Update: As of Monday, Sept. 11, the City of Santa Clara says it does not comment on pending litigation, but to date, it has not received the lawsuit filed by former City Attorney Brian Doyle.
Former Santa Clara City Attorney Brian Doyle has filed a wrongful termination lawsuit, claiming he was fired for being a whistleblower. The city council dismissed him in March 2021.
As an at-will employee, Doyle could be dismissed at any time for any or no reason. At-will employees can claim wrongful termination only if their dismissal resulted from discrimination or retaliation.
Doyle alleges that he is the victim of a conspiracy between the San Francisco 49ers and city council members and that he was dismissed for “blowing the whistle” on this conspiracy. However, the complaint presents only conjecture as evidence of the alleged conspiracy.
Dec. 8, 2020 Council Meeting at Center of Allegations
Doyle’s complaint focuses on the Dec. 8, 2020 Santa Clara city council meeting. At that meeting, Council Member Raj Chahal requested a closed session to discuss the 2017 voting rights lawsuit the City had lost in Superior Court and was currently appealing.
Doyle alleges that his firing was retaliation for his “whistleblowing” at this meeting. The complaint states that he alerted the council “to the possibility of prosecution for receiving a bribe,” “possible violation” of Penal Code section 68 and the Hobbs Act, and refusing to “participate in a closed session discussion that could lead to a criminal investigation and charges.”
However, at no time during the meeting did Doyle allege bribery or discuss the Hobbs Act and Penal Code 68, as the meeting transcript shows. Further, accusations of intimidation at the meeting came not from Doyle but from council members who accused Doyle of trying to intimidate them. Yet the complaint is salted with the word “bribery” without describing any actual incidence of it.
What the transcript does show is Doyle’s efforts to prevent the closed session meeting. He repeatedly told the council that because they had campaigned on settling the voting rights lawsuit, they had a “common law conflict of interest” that would prevent them from participating in any decisions about it. [Dec 8 2020 council meeting transcript]
Conspiracy Conjectures and Leading Language
Doyle is correct in saying that the 49ers had publicly made it clear that they would “like to see” him “gone.” However, only one council member said this at the Apr. 12, 2021 meeting, Suds Jain, and not two as the complaint claims. Council Member Kevin Park said “several people” expressed to him “their concerns about the City Attorney.” Public commentary at the time indicated that others in the community were dissatisfied with Doyle’s conduct.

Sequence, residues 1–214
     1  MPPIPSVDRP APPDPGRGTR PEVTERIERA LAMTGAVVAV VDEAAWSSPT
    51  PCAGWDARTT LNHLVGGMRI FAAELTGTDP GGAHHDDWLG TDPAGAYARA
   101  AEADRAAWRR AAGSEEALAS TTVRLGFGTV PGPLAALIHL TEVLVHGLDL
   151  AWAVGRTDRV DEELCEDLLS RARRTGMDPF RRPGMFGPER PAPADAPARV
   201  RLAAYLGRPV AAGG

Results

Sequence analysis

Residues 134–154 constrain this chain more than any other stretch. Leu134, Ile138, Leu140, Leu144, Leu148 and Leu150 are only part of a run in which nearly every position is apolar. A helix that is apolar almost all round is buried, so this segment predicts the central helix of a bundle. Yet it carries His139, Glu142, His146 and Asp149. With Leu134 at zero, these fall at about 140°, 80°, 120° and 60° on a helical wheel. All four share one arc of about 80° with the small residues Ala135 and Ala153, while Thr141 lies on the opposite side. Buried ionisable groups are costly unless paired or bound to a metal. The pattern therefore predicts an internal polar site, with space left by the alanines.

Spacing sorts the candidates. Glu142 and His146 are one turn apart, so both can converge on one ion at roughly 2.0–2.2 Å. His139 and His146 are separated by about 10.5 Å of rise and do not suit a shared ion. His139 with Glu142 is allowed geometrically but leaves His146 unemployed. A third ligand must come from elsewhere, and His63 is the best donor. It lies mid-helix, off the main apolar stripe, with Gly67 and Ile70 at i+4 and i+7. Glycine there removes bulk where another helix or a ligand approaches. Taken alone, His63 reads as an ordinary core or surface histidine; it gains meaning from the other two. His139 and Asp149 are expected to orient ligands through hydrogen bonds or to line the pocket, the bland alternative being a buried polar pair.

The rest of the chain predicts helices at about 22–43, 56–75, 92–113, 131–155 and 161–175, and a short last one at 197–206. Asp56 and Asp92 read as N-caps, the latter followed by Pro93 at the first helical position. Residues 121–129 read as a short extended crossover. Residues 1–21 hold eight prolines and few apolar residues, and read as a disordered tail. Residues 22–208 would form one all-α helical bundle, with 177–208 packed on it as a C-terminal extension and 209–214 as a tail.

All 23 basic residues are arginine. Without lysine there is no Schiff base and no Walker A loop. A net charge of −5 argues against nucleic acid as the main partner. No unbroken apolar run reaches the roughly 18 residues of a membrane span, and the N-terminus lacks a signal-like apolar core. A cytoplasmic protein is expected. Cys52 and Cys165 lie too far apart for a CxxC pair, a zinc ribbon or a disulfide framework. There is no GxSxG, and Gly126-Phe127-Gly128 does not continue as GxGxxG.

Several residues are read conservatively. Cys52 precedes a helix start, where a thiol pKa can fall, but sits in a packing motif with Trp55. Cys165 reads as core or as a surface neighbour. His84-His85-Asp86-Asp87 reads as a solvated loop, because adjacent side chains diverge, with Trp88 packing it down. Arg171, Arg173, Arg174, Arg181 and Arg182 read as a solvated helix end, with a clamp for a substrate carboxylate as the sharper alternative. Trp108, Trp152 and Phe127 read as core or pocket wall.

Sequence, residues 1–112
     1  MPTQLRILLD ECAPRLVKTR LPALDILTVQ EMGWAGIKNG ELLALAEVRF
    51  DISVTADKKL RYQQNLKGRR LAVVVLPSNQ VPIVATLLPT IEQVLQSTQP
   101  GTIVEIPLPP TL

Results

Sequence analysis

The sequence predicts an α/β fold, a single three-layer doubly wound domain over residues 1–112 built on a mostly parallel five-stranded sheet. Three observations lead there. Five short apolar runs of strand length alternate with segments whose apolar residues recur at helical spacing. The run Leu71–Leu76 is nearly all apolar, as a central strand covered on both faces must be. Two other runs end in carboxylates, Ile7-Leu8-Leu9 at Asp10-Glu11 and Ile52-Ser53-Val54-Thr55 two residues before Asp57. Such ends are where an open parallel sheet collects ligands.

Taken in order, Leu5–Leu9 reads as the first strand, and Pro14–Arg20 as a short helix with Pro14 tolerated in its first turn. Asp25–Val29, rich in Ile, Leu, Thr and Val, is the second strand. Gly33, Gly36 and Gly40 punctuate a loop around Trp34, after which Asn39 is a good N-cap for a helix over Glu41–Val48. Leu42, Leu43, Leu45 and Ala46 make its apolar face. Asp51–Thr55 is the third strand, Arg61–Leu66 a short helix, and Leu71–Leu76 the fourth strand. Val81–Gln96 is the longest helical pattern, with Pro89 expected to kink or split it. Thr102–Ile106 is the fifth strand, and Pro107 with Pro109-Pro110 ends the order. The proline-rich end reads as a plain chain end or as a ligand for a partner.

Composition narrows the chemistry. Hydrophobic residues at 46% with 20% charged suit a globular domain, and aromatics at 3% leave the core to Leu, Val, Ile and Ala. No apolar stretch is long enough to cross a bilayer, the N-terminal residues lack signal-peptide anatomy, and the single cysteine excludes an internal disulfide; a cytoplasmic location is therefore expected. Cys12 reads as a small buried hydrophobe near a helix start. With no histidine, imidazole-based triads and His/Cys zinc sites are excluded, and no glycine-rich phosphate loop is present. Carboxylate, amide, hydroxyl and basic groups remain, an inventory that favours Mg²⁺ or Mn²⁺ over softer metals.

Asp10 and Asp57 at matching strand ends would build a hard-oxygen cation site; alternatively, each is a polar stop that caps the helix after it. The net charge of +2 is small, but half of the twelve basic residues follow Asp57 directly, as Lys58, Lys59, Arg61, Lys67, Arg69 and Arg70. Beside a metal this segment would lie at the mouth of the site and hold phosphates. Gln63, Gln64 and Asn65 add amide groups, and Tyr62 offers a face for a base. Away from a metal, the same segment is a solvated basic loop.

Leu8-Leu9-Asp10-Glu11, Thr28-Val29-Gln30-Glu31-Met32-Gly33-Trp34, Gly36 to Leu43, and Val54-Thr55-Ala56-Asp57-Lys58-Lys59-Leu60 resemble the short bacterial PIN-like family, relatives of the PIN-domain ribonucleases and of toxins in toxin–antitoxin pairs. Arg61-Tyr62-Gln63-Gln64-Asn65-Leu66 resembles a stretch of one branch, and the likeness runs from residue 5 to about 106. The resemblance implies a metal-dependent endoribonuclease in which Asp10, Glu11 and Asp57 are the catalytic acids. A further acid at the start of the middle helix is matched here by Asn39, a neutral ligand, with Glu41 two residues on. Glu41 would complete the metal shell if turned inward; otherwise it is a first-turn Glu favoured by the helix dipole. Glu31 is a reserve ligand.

However, his claim that the 49ers engineered his removal rests on his conjectures.
Doyle’s complaint makes vague statements like, “Plaintiff reasonably believe the actions of Chahal…was furtherance of a quid pro quo agreement,” “plaintive developed a reasonable belief the specific members of the city council had agreed to a quid pro quo with third parties acting on behalf of the ownership of the 49ers.” The complaint offers no evidence to support any of these suppositions.
Doyle alleges that an independent expenditure committee to oppose a 2020 ballot measure* created by former congressman Mike Honda and heavily funded by the 49ers, aimed to “render the appeal in the CVR a litigation moot in furtherance of their goal,” which the complaint says was “favorable settlements” in 49ers lawsuits.
In fact, if the measure passed, the plaintiffs in the CVRA lawsuit promised a second one because the law “disfavors” all at-large voting systems. Further, the attorneys in the case — Robert Rubin of the Lawyers Committee for Civil Rights, law firm Goldstein, Borgen, Dardarian & Ho — and plaintiff Wesley Mukoyama have no known connection to the 49ers, nor does Doyle offer any.
The complaint makes many insinuations besides bribery. It insinuates that the 49ers’ independent expenditure committees were coordinated with campaigns by referring to them as “purportedly independent.” And it calls the 49ers’ independent expenditures “unprecedented,” although big spending in city campaigns was pioneered by Santa Clara police union’s developer-funded gray money PAC in 2016.
Elsewhere, the complaint describes Council Member Anthony Becker as “indicted councilmember,” leading the reader to infer that he was indicted for something to do with the malfeasance alleged in the complaint; only a footnote describes the indictment, which is entirely unconnected with anything alleged in the complaint.
Council members are referred to as the “49er five,” a disparaging term coined by a blogger closely allied with Mayor Lisa Gillmor.
The complaint further misleads by calling the Dec. 8, 2020 meeting, where new members were sworn in, a “ceremonial” meeting that “would not have included a closed session.” In fact, both 2016 and 2018 meetings where newly-elected and re-elected council members were sworn in included closed sessions about litigation and labor contracts.
Doyle also claims that his employment prospects were irrevocably damaged by being fired from Santa Clara. He’s been Merced’s interim city attorney since last June. He’s also been collecting a City of San Jose pension since 2012, currently $124,814.
The lawsuit asks for damages and attorney’s fees and costs, but not reinstatement as city attorney.
*Measure C proposed replacing the court-ordered single-member council districts with three multimember at-large districts.